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Author
Comment
jessicam999
Registered User
(5/17/07 11:50 pm)


significance of colors
if someone could please help me with finding the significance of colors in The Wizard Of Oz and Wicked. im doing a final paper for english and i cant seem to get going on it. if you can, Thanks!

maggy moulach
Registered User
(5/18/07 12:32 am)


red shoes
I know the colour red is thought very significant...the red shoes and poppies...I think it has something to do with Dorothy being at that time when a little girl is changing into a woman...there was a good post a while back all about red shoes in fairytales, you should look for that.

jessicam999
Registered User
(5/18/07 12:35 am)


Re: significance of colors
very true except that in the book the shoes are not red, they are silver. they are red in the movie because it showed up better on film. but thank you for your reply

agathajun
Registered User
(5/18/07 7:03 am)


silver/red etc
Hi, are you keeping to the book text of the Wizard of Oz then? Because Wicked comes from the film version, not the original book, so there will be a difference in the significance of colours if the sources aren't the same.
You might like to look at the theory that WOZ (the book) is an allegory of th epolitical and economic state of kansas at the time. The silver, gold and bronze become significant in this sense.
try this book, there are also articles on-line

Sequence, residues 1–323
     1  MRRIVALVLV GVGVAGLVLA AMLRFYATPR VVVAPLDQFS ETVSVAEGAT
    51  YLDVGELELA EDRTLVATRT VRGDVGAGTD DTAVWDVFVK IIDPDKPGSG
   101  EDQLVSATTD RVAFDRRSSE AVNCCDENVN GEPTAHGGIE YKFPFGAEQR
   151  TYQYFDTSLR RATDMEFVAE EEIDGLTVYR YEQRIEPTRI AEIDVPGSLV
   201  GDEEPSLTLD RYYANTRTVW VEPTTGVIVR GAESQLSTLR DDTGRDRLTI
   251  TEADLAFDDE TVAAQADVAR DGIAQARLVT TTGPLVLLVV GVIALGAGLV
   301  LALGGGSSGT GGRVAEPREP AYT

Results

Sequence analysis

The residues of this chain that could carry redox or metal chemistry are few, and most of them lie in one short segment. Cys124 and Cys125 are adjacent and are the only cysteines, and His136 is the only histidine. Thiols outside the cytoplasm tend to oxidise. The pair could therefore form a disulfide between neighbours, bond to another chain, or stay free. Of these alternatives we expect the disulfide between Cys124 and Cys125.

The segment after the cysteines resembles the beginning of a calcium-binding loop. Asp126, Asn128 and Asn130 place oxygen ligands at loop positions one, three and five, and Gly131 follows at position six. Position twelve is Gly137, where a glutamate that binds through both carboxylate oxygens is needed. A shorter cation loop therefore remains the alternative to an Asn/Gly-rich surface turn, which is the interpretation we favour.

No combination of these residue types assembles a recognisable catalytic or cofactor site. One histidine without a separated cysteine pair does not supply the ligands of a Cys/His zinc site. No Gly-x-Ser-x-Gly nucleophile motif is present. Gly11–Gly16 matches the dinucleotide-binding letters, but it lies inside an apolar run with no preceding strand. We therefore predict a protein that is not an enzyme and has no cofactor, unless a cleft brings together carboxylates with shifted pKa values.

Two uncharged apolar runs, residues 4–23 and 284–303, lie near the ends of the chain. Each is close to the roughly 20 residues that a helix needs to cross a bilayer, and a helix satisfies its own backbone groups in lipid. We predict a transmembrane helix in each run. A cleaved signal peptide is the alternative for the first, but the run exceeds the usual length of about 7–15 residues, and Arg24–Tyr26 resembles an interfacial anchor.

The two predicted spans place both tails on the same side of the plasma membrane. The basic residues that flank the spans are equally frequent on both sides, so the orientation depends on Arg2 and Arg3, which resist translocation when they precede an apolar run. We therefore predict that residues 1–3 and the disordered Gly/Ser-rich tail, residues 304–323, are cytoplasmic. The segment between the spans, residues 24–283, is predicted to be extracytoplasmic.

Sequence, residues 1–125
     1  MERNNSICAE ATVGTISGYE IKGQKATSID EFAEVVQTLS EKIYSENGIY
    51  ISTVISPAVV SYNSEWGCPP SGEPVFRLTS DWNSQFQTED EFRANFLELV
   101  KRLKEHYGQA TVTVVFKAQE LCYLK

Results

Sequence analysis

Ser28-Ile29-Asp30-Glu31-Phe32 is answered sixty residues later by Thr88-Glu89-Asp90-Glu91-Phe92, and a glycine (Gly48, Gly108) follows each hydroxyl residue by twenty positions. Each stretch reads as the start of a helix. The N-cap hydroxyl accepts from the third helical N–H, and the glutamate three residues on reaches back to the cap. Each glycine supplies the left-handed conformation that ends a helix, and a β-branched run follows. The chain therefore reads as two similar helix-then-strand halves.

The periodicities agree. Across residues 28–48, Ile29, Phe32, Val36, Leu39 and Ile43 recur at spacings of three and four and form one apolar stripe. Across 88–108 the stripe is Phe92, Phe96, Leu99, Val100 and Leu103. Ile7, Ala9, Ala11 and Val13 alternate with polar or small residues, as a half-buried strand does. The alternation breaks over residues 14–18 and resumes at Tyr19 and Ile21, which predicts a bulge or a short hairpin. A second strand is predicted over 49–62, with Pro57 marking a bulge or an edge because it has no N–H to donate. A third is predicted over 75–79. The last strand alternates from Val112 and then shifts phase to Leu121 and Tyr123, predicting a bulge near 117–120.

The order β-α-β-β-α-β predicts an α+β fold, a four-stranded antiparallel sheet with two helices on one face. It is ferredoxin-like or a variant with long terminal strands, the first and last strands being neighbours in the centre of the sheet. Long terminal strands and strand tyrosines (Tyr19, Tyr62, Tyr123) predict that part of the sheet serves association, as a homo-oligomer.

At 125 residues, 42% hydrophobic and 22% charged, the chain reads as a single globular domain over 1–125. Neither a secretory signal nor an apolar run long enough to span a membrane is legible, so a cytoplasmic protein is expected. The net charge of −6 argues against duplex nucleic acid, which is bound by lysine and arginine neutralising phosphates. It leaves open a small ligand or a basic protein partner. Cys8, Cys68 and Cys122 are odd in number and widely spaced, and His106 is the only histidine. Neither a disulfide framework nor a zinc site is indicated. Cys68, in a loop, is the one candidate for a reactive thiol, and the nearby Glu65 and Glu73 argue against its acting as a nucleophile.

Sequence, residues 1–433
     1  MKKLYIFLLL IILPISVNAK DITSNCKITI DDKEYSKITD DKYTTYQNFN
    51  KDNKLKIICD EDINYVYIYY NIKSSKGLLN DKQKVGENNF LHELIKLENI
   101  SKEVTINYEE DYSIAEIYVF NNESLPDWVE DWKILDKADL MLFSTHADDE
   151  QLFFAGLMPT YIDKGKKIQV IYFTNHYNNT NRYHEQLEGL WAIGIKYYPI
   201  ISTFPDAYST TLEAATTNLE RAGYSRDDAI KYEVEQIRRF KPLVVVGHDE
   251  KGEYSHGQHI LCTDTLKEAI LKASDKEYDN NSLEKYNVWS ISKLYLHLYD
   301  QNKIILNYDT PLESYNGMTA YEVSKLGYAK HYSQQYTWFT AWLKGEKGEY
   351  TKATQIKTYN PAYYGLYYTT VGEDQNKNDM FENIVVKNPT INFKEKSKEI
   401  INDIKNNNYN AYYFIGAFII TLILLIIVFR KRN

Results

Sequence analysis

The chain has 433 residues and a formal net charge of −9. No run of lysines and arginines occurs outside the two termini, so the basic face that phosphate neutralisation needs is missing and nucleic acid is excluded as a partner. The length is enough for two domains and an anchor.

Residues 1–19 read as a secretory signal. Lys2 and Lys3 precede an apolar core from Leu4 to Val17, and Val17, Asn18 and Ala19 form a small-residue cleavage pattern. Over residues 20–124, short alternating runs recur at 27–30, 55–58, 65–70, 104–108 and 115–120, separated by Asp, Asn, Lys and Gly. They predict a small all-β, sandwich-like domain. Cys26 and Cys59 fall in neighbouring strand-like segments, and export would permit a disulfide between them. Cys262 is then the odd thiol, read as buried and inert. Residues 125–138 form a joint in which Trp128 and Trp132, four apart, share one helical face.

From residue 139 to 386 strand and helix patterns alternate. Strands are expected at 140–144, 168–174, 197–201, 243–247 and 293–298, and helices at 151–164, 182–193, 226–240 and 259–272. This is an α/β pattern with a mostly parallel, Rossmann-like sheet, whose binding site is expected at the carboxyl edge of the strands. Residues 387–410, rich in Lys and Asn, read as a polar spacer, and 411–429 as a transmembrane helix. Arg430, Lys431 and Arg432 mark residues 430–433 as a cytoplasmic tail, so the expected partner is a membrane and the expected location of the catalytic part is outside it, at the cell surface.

www.amazon.com/Historians...0275974197

Veronica Schanoes
Registered User
(5/18/07 2:35 pm)


Re: silver/red etc
Well, Wicked draws on both the movie and the book versions, but you are going to want to clarify what you're using. In the book Dorothy is definitely not at the stage where a girl is changing into a woman. It's a bit more debatable in the movie, because while Garland was certainly 16 years old, the character is, in my opinion, nonetheless coded as a little girl (and indeed, Garland talked about how great a struggle it was to get the MGM studio bosses to see her as anything but a little girl in braids). There's also the question of whether you're using the book or musical versions of Wicked--in the musical, we see a silhouette of Dorothy, and she is very clearly a little girl.

jessicam999
Registered User
(5/18/07 9:09 pm)


Re:
We have read both the Wizard of Oz and Wicked for my class so i have to use them both. I HATE the movie which is why i'm not using it for my essay. I would like to write about the significance of the colors yellow (brick road), blue (munchikin land), white and silver (sorceress/witch colors), and of course, green. I just cant find that much to write about to fill up 10pgs worth! lol also, i'm refering to the books not the movie or play. thanks for everything so far!

Rosemary Lake
Registered User
(5/19/07 3:02 am)


Re: later oz books
In the later Oz books (there were at least 40, not all by Baum) the colors of the different countries are often mentioned. I don't recall if any significance is stated, but there might be. Many of these books are in public domain and online, so it ought to be possible to do a keyword search. (If anyone finds a good site for the search, pls let me know.)
r at rosemarylake dot com

bluewyvern
Registered User
(5/19/07 5:32 pm)


--
I haven't read it yet, but I have in my possession an Annotated Wizard of Oz which seems likely to hold at least a tidbit or two. (It was a gift -- I wanted the Grimms' or Classic Fairy Tales from the series, but got this instead. Oh, well.)

Good luck with your paper. it sounds like a fun topic, but lack of sources is always a bummer.

Edited by: bluewyvern at: 5/19/07 5:33 pm
agathajun